12. 12. Mentoring activities that enrich the experience • Define rules of engagement and enforce them • Discuss your situation • Share your development plans and get feedback • Set achievable goals • What, when, and how will you achieve a goal • Create a list of options and discuss them • Have a plan and stick to it • Commitment is key for both the mentor and mentee • Time is precious so don’t waste it • Mentoring is an ongoing relationship. Treat it as such • Respect is a two way street • Ask the right questions • Listen, Listen, Listen • Rome wasn’t built in a day… Be patient • Follow through on every commitment Approved for Public Release
  13. 13. Pairing --- No not Bluetooth Finding a good mentor is like looking for a good friend. It doesn’t happen instantly so be patient. • Look for mentors with which you have common interests • Quantity and type of mentors depend on your needs • It really goes beyond work • You can learn a lot from people that aren’t in your area of expertise • Community is as important as the workplace • Be willing to share • When and how should a mentoring relationship end Approved for Public Release
  14. 14. https://www.inc.com/lee-colan/reverse-mentoring-the-big-benefits-to-learning-from-younger- employees.html https://www.forbes.com/sites/jasonwingard/2018/08/08/reverse-mentoring-3-proven-outcomes-driving- change/#32d5bdd38b51 https://hbr.org/2017/02/what-the-best-mentors-do https://hbr.org/2018/02/good-mentors-help-you-work-through-strong-emotions https://hbr.org/2017/11/what-mentors-wish-their-mentees-knew https://www.fastcompany.com/40543989/the-best-mentors-ask-these-8-questions https://www.fastcompany.com/90188135/these-are-the-six-things-the-best-mentors-never-do https://www.fastcompany.com/40540798/eight-essential-rules-for-first-time-mentors https://www.centerformentoring.com/articles http://www.vault.com/blog/job-search/7-steps-to-a-great-mentorship http://productivemag.com/23/what-it-takes-to-be-successful-at-mentoring https://hbr.org/2011/08/keeping-great-people-with-thre.html Four golden rules of effective menteeship https://www.bmj.com/content/354/bmj.i4147 Find yourself a mentor - https://www.bmj.com/content/330/7497/s170?int_source=trendmd&int_medium=trendmd&int_campaign= trendmd References and key links Approved for Public Release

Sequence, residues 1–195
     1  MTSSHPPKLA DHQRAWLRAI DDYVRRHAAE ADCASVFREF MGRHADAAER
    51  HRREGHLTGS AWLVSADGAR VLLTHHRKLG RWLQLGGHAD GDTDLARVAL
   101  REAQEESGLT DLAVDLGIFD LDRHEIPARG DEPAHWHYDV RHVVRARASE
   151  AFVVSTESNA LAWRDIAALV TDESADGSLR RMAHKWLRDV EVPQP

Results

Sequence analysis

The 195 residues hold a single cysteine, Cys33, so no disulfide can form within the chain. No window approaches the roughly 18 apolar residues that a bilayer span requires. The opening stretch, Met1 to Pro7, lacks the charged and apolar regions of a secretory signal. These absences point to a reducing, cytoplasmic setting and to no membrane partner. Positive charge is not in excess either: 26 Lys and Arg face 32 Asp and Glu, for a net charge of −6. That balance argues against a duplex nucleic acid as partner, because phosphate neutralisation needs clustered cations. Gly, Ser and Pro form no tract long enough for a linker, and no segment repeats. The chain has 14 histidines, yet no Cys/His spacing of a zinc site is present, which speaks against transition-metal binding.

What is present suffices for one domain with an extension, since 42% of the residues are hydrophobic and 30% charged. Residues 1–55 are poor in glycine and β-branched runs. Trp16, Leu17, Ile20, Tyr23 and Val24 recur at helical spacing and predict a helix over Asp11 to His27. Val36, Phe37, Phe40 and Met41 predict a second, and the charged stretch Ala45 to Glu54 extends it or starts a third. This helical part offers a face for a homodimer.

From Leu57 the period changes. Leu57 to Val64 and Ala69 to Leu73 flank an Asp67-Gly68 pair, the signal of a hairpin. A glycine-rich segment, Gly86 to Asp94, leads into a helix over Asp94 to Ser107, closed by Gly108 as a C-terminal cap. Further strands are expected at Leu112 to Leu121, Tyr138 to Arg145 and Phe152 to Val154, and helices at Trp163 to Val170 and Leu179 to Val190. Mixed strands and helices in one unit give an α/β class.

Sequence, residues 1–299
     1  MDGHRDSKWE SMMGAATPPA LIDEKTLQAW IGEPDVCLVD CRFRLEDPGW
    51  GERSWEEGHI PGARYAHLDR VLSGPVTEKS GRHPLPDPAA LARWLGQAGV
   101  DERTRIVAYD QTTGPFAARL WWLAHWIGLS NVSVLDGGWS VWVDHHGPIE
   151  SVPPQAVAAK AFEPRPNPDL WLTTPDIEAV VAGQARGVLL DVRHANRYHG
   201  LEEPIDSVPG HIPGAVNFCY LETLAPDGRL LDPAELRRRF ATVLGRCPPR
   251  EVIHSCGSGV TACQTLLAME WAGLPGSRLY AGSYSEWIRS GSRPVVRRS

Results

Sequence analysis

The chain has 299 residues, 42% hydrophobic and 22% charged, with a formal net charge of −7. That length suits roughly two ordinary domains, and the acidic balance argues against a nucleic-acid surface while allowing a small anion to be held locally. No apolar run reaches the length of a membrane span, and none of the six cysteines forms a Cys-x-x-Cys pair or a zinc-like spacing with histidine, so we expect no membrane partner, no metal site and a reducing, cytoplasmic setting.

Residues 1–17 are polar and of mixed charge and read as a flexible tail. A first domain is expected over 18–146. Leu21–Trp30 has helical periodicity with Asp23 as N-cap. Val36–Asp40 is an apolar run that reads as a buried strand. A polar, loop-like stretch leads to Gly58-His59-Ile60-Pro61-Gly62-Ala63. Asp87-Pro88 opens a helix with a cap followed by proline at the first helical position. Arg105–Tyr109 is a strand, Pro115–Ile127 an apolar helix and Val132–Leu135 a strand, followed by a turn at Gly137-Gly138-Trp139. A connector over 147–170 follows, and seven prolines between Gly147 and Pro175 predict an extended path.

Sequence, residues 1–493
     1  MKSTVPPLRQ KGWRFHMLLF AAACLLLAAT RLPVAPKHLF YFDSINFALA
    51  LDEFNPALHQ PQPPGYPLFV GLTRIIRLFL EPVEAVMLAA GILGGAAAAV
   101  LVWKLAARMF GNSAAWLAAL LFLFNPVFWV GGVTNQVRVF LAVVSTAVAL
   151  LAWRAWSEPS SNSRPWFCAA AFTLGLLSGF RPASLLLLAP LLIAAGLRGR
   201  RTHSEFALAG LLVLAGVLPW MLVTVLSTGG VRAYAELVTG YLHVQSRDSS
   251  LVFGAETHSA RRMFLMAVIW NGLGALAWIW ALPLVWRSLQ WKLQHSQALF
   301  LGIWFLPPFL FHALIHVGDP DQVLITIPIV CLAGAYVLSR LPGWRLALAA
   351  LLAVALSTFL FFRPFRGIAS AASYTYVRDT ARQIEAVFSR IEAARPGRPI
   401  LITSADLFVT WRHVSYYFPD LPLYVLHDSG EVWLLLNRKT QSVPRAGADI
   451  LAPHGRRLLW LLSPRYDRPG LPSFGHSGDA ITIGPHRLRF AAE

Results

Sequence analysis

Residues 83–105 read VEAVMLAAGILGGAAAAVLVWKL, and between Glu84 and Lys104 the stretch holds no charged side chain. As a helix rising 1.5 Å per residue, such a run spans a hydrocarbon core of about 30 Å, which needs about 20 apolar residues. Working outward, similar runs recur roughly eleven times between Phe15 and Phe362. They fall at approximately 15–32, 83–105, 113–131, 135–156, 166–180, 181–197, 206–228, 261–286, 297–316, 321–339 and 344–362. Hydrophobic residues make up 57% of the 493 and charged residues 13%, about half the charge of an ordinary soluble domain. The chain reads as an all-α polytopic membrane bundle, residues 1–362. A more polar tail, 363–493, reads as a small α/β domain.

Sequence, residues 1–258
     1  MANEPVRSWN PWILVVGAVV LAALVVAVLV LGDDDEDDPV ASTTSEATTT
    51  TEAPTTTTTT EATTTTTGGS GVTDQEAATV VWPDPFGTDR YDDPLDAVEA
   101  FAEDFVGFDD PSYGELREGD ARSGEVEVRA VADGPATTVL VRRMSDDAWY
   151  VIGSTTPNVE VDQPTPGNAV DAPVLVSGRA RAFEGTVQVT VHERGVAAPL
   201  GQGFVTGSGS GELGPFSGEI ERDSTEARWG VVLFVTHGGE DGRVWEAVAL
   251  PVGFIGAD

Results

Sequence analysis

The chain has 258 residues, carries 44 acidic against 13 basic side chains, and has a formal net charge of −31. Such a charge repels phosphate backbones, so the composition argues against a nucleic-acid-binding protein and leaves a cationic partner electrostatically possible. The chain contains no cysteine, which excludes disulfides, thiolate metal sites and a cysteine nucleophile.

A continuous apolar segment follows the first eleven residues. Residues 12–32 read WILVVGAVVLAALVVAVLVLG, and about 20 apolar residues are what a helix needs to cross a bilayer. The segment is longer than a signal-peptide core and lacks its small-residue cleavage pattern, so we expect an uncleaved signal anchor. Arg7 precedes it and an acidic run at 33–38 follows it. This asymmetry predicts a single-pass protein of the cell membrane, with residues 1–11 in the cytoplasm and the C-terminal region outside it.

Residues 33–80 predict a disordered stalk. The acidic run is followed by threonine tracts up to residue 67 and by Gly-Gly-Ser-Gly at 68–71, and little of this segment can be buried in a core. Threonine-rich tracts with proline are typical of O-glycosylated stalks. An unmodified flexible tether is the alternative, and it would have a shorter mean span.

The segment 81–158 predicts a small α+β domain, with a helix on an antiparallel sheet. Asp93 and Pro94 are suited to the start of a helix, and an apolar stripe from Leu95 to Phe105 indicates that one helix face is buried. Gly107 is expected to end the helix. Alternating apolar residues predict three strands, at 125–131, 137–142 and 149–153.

15. 15. 2/22/2019 Victor Brown, Presenting Panelist Distinguished Engineer, CTO IBM Corporation Denise Evans, Moderator Vice President, Marketing IBM Corporation Claudeliah Roze Senior Systems Engineer Raytheon Corporation Donovan Harper Senior Vice President Federal Reserve Bank of Richmond Your Questions? Approved for Public Release